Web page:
(Adds comments by Biden and Louisiana governor)
Miami, Aug 30 (EFE).- Rescue efforts and assessment of the devastation caused on the weekend by “catastrophic” Hurricane Ida, which left at least one person dead in Louisiana, began on Monday amid the desolation and power outages that are affecting more than a million customers and the entire city of New Orleans.
President Joe Biden said Monday that Ide caused “massive damage” during a virtual meeting with the governors and mayors of the areas affected by the storm, a meeting at which he announced that some 5,000 members of the National Guard had deployed to the zone and said that the federal government will help for “as long as it takes” the region to recover from Ida.
Biden confirmed the death of one person from Ida, which is considered to be one of the most powerful hurricanes ever to make landfall in the US, and he emphasized that the death toll will probably increase.
Along the same lines, Louisiana Gov. John Bel Edwards, who said that the death toll could increase “considerably” and that the impact of the storm means a long recovery period.
Meanwhile, the first images from the storm’s path have been terrible, showing people in boats moving along flooded streets, trees ripped up by the roots, fallen electrical wires, countless homes, offices and buildings destroyed, roadways closed due to debris and landslides in various areas.
Ida, which has weakened since making landfall about noon on Sunday and is now a tropical storm, is nevertheless continuing on its destructive path northwards after causing significant infrastructure damage in southern Louisiana and Mississippi.
Despite being downgraded, Ida still poses a serious risk of tornadoes, destructive wind and flooding, whether due to the heavy rainfall from the storm and/or from storm surge, which threatens both the coastal areas of Alabama and northwest Florida, according to forecasts from the Miami-based National Hurricane Center.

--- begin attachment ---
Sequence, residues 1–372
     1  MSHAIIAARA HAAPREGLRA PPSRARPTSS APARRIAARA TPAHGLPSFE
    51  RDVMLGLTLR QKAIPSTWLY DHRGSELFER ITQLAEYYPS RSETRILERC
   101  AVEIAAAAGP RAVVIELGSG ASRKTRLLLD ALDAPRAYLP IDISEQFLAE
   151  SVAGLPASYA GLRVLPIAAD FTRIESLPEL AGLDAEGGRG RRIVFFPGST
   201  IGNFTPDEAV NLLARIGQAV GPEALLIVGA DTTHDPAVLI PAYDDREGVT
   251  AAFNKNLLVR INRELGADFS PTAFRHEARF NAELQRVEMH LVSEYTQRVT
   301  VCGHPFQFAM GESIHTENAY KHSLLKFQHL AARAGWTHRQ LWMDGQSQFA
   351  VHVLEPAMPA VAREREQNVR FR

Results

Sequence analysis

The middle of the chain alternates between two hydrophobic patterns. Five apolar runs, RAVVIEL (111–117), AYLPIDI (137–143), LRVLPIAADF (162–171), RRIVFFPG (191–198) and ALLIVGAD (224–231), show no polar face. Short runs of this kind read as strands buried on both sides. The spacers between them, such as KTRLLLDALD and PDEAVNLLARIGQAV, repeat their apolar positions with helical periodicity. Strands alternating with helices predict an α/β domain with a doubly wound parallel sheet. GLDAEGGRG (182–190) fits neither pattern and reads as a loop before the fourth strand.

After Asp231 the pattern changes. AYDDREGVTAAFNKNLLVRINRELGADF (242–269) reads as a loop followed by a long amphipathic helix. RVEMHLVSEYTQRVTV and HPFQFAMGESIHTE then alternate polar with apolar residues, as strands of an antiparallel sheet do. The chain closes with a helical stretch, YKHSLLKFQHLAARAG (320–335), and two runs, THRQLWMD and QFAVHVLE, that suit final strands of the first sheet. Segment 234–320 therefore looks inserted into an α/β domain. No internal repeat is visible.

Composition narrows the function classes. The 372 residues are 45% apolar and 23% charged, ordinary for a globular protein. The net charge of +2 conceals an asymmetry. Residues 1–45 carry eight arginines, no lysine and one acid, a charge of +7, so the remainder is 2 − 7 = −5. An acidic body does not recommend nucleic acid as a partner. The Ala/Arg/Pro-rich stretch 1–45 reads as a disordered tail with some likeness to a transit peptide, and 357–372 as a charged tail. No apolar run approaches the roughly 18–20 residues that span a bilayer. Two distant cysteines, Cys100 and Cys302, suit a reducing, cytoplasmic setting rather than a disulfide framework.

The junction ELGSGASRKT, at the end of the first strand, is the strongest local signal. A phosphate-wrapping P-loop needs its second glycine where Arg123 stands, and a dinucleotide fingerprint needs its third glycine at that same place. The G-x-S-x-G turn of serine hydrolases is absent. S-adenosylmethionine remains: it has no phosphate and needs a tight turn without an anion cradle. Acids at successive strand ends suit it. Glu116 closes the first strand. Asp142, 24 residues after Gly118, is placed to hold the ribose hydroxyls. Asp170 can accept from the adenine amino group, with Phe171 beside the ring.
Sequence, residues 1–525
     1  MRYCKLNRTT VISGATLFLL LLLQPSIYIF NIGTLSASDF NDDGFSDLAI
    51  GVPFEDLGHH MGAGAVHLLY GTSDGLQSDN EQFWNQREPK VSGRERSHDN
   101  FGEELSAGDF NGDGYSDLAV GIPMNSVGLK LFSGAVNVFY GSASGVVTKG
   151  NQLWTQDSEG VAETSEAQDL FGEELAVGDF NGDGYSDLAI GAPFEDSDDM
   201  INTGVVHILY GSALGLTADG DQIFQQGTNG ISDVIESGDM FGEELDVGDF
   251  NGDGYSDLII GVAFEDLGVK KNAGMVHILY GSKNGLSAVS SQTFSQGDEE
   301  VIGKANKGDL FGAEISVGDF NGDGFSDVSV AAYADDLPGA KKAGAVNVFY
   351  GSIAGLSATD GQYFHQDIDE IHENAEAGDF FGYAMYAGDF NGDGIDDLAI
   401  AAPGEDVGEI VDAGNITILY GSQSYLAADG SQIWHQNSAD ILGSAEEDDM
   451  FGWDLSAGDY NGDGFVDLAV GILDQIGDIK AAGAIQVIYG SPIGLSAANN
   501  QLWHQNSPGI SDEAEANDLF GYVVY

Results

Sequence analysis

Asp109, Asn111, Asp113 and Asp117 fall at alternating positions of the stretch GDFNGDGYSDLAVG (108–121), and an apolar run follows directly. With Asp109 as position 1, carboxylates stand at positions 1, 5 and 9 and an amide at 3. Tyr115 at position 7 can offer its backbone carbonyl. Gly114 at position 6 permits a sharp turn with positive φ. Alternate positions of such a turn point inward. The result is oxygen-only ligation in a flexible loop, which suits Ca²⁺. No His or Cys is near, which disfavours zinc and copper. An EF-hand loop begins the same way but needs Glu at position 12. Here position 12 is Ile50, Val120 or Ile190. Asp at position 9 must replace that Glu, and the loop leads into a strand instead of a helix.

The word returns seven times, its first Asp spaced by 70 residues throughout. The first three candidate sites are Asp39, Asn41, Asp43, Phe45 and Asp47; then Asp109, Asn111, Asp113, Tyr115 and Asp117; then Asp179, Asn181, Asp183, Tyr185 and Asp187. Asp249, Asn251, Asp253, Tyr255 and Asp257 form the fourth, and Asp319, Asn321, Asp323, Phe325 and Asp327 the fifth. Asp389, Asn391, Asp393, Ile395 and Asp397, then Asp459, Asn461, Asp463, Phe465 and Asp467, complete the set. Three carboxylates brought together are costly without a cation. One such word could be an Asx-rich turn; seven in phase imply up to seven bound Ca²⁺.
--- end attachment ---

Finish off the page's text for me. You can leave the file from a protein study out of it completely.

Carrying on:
The agency also warned that the areas affected by the storm up through mid-week will include not only the US Gulf Coast but also the Tennessee Valley, the central Appalachians and the northeastern US.
The city of New Orleans – which still has not shaken off the ghost of deadly Hurricane Katrina, which also made landfall on Aug. 29 exactly 16 years ago – is currently in the dark, with power outages that could take weeks to remedy.
The Entergy Louisiana power company, which serves more than a million customers in the state, announced Sunday that “catastrophic transmission damage” had affected eight transmission lines in New Orleans and the firm is working against the clock on Monday to restore service to as many people as possible.
Some local hospitals have reported that they had to manually pump air into Covid-19 patients’ lungs in New Orleans, where virtually everyone is dependent on generators for electricity and where there have been problems with the potable water supply due to the lack of electricity to run the pumps.
In all, more than a million customers in Louisiana and another 97,000 in Mississippi remain without electricity at present, according to the specialized Poweroutage.us Web site.
Gov. Edwards called for the public to remain in their homes while the damage is evaluated, warning that it is dangerous for people to be moving through the affected areas..
NOLA Ready, the emergency authority in New Orleans, has asked those people who evacuated before the storm not to return to their homes until new announcements are made that they can do so because of the huge amounts of debris – which could be dangerous – significant flooding and the blackouts.
The Red Cross established some 60 shelters in the area, which are housing about 2,500 people.
The storm was a test for the new containment levees around the low-lying city, and – for now, at least – they seem to have contained the water from Lake Pontchartrain, thus avoiding a repeat of the nightmare during and after Katrina where huge amounts of water breached the then-lower and weaker levees, causing the deaths of some 1,800 people.
Ida made landfall twice in the island-dotted area along Louisiana’s Gulf Coast packing winds of 240 kph (150 mph) and maintained its Category 4 strength for several hours dumping enormous amounts of rain in the area that resulted in extensive flooding.
Images of residents in LaPlace, Louisiana, on Monday showed people moving through the city along flooded streets in small boats.
On Sunday, the course of the Mississippi River actually changed its course for a short time due to the strength of the storm surge, which pushed a huge amount of water against the river’s current.